Several attempts have been made at improving the efficacy of gemcitabine in advanced pancreatic cancer by combining it with other chemotherapeutic or molecularly targeted agents. However, randomized trials have produced conflicting results.
All prospective, randomized, phase 3 trials that compared single-agent gemcitabine with gemcitabine-based combinations were considered eligible for the current analysis. A literature-based meta-analysis was performed, event-based relative risk ratios with 95% confidence intervals were derived through both a fixed-effect model approach and a random-effect model approach, and overall survival (OS) was explored as the primary endpoint. To estimate the magnitude of the eventual benefit, absolute differences and the number of patients needed to treat (NNT) for 1 patient to benefit were calculated. A sensitivity analysis for OS was performed according to the type of agent used in combination with gemcitabine.
Twenty trials that involved 6296 patients were identified. No significant differences in the primary endpoint were observed in the overall population or in the sensitivity analysis. Conversely, a significant advantage was evident with regard to both progression-free survival (PFS) and the overall response rate (ORR) in the overall population, with an absolute benefit of 2.6% (NTT = 39 patients) and 3.0% (NNT = 33 patients). Platinum combinations led to the greatest absolute benefits for PFS and ORR compared with single-agent gemcitabine (10% and 6.5%, respectively), but this did not result in an OS benefit. Improvement in PFS, but not in the ORR, was correlated with an improvement in OS.
Pancreatic adenocarcinoma (PDAC) is a deadly disease, and its mortality closely approaches its incidence. Indeed, pancreatic cancer accounted for an estimated 33,730 newly diagnosed cancers and >32,000 estimated deaths in the United States alone in 2006, representing the fourth leading cause of cancer-related death in both sexes.1 Because of the combination of late-stage disease at presentation (localized, 8%; regional, 26%; metastatic, 52%) and intrinsic resistance to conventional treatments, it may be argued that PDAC has the worst overall prognosis among solid tumors, with 5-year survival rates that do not exceed 5%. Even in the small percentage of patients who present with localized disease and, thus, are amenable to surgery with curative intent, long-term survival barely exceeds 15%.1 In patients with advanced, inoperable disease, the objectives of systemic treatment are palliative: Weekly treatment with gemcitabine (G) (Gemzar; Eli Lilly, Indianapolis, Ind) at a dose of 1000 mg/m2 infused over 30 minutes provides a small but statistically significant overall advantage over bolus 5-fluorouracil (5-FU) in terms of both clinical benefit response (23.8% vs 4.8%; P = .0022) and survival (median survival, 5.65 months vs 4.41 months; P = .0025) and currently is considered the treatment of choice for patients with inoperable disease.2 Building upon the favorable toxicity profile of G, in the past 10 years, many attempts have been made to improve outcomes by combining it with a number of other chemotherapeutic agents. Results from phase 3 trials, however, have failed to demonstrate convincingly the superiority of doublet regimens over single-agent G, although agents with different mechanism of action have been combined (platinum salts, fluoropyrimidines, and camptothecines). The overall negative results with G-based combinations generally have been attributed to a lack of statistical power to detect small differences in survival. Although this hypothesis may be supported by the observation that hazard ratios (HRs) for survival were similar across trials, although significant differences were not always demonstrated,3, 4 such conflicting results called for a cumulative analysis that could detect real survival differences, albeit small, with adequate statistical power.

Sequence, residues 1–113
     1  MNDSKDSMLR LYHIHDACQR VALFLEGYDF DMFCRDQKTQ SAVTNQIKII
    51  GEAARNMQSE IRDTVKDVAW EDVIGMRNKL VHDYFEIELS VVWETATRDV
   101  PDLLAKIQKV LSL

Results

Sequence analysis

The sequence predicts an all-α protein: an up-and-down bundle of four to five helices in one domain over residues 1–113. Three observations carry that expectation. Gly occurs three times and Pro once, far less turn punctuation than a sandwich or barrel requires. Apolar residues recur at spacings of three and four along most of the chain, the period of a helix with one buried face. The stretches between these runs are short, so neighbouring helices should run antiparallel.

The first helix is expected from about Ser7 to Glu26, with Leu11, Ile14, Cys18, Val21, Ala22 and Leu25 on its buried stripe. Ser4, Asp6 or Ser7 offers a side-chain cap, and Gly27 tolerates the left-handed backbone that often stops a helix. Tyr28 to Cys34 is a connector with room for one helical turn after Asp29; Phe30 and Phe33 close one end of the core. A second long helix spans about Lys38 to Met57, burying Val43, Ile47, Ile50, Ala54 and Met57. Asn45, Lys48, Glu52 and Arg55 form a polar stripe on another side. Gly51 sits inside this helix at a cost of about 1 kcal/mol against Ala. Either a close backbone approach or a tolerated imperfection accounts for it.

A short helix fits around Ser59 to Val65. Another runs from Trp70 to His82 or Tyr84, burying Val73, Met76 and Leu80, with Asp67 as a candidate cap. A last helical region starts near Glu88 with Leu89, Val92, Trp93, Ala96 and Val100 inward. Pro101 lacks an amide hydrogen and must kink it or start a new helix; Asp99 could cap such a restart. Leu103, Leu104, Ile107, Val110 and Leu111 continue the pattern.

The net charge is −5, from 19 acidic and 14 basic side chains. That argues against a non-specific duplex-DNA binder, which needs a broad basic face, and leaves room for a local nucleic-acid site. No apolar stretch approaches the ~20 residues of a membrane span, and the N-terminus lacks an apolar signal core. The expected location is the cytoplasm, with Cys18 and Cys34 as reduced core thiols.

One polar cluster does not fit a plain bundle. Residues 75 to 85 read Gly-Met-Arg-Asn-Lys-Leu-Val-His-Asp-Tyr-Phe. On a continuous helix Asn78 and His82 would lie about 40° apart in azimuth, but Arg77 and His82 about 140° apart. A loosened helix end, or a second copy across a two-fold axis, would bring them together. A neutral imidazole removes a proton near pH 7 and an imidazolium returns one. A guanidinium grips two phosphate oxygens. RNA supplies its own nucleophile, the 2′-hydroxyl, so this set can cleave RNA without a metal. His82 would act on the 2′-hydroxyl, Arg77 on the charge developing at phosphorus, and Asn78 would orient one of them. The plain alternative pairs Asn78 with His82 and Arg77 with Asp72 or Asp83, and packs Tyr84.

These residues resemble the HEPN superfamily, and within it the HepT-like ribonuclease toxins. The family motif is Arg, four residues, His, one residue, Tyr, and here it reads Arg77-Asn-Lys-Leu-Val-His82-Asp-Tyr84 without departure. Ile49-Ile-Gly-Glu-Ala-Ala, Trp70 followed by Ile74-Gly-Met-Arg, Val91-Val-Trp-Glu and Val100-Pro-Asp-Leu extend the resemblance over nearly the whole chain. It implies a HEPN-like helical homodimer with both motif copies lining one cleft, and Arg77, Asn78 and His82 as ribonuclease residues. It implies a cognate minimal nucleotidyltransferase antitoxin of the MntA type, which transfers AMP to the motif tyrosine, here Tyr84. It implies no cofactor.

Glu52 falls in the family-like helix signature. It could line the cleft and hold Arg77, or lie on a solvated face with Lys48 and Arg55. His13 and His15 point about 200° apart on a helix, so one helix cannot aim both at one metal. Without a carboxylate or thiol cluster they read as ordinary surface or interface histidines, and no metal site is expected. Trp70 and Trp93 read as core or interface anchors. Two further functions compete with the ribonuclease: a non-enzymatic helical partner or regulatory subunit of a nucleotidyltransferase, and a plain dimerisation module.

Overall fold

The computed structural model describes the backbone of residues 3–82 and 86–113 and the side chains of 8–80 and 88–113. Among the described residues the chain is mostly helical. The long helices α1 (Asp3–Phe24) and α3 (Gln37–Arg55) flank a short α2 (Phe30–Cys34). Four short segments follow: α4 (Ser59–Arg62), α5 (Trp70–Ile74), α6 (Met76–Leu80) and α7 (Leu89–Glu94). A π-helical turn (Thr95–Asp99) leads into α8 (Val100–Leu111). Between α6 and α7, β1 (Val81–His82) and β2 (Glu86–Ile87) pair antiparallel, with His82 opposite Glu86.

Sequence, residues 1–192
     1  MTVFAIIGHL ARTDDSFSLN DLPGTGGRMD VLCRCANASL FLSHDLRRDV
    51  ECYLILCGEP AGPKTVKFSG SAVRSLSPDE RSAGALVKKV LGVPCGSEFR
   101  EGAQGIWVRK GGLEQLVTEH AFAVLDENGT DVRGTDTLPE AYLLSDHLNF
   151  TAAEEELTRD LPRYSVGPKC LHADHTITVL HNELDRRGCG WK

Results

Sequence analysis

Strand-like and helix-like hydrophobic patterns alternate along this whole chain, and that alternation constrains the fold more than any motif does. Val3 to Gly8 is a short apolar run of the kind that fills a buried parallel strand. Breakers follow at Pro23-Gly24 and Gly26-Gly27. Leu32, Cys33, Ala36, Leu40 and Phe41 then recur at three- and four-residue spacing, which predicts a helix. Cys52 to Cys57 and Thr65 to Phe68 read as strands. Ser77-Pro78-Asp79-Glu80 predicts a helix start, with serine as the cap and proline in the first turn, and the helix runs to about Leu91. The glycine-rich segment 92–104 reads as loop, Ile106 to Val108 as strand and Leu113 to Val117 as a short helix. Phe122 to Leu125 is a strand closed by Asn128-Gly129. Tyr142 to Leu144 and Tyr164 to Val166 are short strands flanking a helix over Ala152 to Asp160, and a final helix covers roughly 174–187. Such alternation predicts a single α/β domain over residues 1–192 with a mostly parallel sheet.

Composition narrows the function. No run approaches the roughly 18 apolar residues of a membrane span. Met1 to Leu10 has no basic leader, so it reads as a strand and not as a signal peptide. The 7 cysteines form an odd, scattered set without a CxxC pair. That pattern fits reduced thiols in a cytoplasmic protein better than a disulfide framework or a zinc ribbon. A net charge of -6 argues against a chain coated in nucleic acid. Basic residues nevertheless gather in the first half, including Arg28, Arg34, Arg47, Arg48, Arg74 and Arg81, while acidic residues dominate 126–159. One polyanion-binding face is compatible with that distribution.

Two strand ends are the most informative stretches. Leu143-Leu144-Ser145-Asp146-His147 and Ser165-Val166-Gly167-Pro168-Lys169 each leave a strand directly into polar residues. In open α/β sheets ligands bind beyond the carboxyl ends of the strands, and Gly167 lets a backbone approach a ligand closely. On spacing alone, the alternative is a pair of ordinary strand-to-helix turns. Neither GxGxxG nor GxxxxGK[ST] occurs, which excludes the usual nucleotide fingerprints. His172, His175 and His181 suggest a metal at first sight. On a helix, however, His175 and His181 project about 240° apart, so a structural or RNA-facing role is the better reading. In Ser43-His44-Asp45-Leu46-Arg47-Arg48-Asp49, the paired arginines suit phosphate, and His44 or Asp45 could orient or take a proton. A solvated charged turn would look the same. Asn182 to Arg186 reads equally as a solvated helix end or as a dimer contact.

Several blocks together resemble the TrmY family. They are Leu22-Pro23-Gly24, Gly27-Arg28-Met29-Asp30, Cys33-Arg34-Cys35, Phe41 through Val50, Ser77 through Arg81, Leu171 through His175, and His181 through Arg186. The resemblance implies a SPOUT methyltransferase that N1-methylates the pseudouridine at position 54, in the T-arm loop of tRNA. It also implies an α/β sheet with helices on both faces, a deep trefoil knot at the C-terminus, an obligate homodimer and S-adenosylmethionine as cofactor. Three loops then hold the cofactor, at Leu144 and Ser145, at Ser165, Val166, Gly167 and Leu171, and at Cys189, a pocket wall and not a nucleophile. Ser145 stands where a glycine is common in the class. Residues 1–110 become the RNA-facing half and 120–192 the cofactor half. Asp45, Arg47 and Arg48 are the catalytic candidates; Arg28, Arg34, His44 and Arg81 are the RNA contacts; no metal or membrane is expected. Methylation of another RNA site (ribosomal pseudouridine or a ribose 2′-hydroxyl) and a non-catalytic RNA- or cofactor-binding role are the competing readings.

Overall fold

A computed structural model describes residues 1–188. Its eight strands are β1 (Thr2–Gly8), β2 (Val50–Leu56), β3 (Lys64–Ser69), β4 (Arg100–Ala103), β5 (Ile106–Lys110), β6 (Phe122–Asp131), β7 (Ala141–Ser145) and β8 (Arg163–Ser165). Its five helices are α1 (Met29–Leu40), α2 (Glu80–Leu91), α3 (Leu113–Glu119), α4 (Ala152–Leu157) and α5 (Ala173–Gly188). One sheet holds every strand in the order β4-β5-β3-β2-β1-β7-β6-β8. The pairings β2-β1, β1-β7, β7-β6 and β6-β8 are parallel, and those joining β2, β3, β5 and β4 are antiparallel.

More recently, possible improvements in treatment efficacy also have been explored using novel, molecularly targeted agents, which were introduced in the clinical setting in the past 10 years. However, randomized clinical trials (RCTs) evaluating the addition of matrix metalloprotease inhibitors (MMP-I), farnesyl-transferase inhibitors (FTI), epidermal growth factor receptor (EGFR) inhibitors, and antigastrin vaccines to single-agent G largely have been disappointing.5–9 To assess the potential benefit in efficacy and activity of G-based combinations, including both classic cytotoxics and molecularly targeted agents, over standard single-agent G for the first-line treatment of advanced, inoperable PDAC, a literature-based meta-analysis of all randomized trials that explored this topic was performed.
MATERIALS AND METHODS
We considered the G-based combination systemic therapy arm as the experimental arm and the single-agent G arm as the standard comparator. Analyses were conducted to detect possible significant differences in primary and secondary endpoints. The primary endpoint for the analysis of the magnitude of eventual benefit was overall survival (OS), which was defined as the time (in months) between randomization and death from any cause. Secondary endpoints were 1) progression-free survival (PFS), which was defined as the time (in months) between randomization and either disease progression or death from any cause; and 2) the overall response rate (ORR) according to the World Health Organization definition.10